Plant bulbs in natural drifts rather that formal rows: bulbs can fail or be eaten, leaving holes in a formal arrangement, or will shift with freezing and thawing. If you have trouble with gophers or squirrels eating your bulbs, try sprinkling red pepper in the holes, covering the bulbs with chicken-wire, surround bulbs with sharp shards of gravel or other substance, or planting rodent-repelling bulbs like Fritillaria nearby.
How-to : Preparing Containers
Containers are excellent when used as an ornamental feature, a planting option when there is little or no soil to plant in, or for plants that require a soil type not found in the garden or when soil drainage in the garden is inferior. If growing more than one plant in a container, make sure that all have similar cultural requirements. Choose a container that is deep and large enough to allow root development and growth as well as proportional balance between the fully developed plant and the container. Plant large containers in the place you intend them to stay. All containers should have drainage holes. A mesh screen, broken clay pot pieces(crock) or a paper coffee filter placed over the hole will keep soil from washing out. The potting soil you select should be an appropriate mix for the plants you have chosen. Quality soils (or soil-less medias) absorb moisture readily and evenly when wet. If water runs off soil upon initial wetting, this is an indicator that your soil may not be as good as you think.
Prior to filling a container with soil, wet potting soil in the bag or place in a tub or wheelbarrow so that it is evenly moist. Fill container about halfway full or to a level that will allow plants, when planted, to be just below the rim of the pot. Rootballs should be level with soil line when project is complete. Water well.
How-to : Planting Perennials
Determine appropriate perennials for your garden by considering sun and shade through the day, exposure, water requirements, climate, soil makeup, seasonal color desired, and position of other garden plants and trees.
The best times to plant are spring and fall, when soil is workable and out of danger of frost. Fall plantings have the advantage that roots can develop and not have to compete with developing top growth as in the spring. Spring is more desirable for perennials that dislike wet conditions or for colder areas, allowing full establishment before first winter. Planting in summer or winter is not advisable for most plants, unless planting a more established sized plant.
To plant container-grown plants: Prepare planting holes with appropriate depth and space between. Water the plant thoroughly and let the excess water drain before carefully removing from the container. Carefully loosen the root ball and place the plant in the hole, working soil around the roots as you fill. If the plant is extremely root bound, separate roots with fingers. A few slits made with a pocket knife are okay, but should be kept to a minimum. Continue filling in soil and water thoroughly, protecting from direct sun until stable.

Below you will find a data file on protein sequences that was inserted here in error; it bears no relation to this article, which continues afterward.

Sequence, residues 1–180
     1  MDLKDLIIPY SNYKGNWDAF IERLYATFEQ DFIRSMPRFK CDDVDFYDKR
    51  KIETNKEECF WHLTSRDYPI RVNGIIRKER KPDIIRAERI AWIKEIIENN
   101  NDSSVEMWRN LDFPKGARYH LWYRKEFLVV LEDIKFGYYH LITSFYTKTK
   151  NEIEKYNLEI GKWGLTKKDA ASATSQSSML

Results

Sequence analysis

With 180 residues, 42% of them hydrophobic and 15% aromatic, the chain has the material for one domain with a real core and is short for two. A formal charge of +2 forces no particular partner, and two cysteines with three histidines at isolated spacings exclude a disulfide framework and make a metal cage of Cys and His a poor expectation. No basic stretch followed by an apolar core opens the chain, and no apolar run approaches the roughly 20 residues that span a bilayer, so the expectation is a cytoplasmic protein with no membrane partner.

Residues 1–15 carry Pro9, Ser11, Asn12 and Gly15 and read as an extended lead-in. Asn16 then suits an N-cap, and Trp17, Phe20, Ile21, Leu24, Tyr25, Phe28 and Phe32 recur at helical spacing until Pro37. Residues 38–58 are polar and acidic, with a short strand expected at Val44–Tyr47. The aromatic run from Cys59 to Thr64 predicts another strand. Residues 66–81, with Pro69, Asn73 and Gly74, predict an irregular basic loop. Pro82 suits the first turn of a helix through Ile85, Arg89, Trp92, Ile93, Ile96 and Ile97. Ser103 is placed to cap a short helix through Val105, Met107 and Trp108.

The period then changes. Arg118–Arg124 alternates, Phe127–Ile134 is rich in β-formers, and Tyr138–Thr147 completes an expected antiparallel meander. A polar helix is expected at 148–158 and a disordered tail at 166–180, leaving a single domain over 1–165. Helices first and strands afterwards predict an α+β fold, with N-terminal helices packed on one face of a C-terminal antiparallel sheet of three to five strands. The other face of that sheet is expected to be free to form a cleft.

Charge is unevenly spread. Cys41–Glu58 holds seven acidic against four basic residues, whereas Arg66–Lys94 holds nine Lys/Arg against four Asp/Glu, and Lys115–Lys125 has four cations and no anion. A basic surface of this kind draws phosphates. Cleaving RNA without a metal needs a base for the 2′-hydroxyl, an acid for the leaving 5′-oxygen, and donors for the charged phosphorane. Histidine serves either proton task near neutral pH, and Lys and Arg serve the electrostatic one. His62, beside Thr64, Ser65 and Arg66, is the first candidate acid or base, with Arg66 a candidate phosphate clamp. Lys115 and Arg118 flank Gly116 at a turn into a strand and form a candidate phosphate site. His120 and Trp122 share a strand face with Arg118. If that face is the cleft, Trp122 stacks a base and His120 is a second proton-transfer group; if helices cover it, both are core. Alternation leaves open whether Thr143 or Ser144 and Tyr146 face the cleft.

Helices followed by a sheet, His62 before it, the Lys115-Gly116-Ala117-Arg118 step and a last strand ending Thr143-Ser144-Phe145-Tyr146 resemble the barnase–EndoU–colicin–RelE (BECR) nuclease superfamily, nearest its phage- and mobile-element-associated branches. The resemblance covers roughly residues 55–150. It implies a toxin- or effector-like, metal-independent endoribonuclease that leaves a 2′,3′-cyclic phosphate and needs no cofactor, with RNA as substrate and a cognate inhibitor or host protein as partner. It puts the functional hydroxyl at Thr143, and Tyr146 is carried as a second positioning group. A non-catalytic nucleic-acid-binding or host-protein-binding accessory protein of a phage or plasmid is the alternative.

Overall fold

To plant bare-root plants: Plant as soon as possible after purchase. Prepare suitable planting holes, spread roots and work soil among roots as you fill in. Water well and protect from direct sun until stable.
To plant seedlings: A number of perennials produce self-sown seedlings that can be transplanted. You may also start your own seedling bed for transplanting. Prepare suitable planting holes, spacing appropriately for plant development. Gently lift the seedling and as much surrounding soil as possible with your garden trowel, and replant it immediately, firming soil with fingertips and water well. Shade from direct sun and water regularly until stable.
How-to : Plant Bulbs
It's time to plant bulbs.
ProblemsDiseases : Bulb Rot
Improperly stored bulbs, or bulbs that are too wet in their dormant stage (usually summer), will be susceptible to fungal diseases that cause them to rot. To prevent this, store bulbs properly when out of the ground. Avoid planting bulbs in poorly drained soils. Fusarium bulb rot can be a serious problem which attacks both the growing plant and stored bulb. Usually introduced by an infected bulb, corm, soil, or even tools, the fungus enters the plant through an abrasion in the tissue. This problem is worse in warm climates where temperatures rarely drop into the freezing range and can persist in soil that stays 60 to 70 degrees Farenheit. Prevention and Control: Buy bulbs that are firm, not mushy. Avoid planting new bulbs in areas where the disease has been present. Unfortunately, there is no treatment for Fusarium bulb rot. Remove all infected bulbs and soil in the immediate area.
Fungi : Rusts
Most rusts are host specific and overwinter on leaves, stems and spent flower debris. Rust often appears as small, bright orange, yellow, or brown pustules on the underside of leaves. If touched, it will leave a colored spot of spores on the finger. Caused by fungi and spread by splashing water or rain, rust is worse when weather is moist.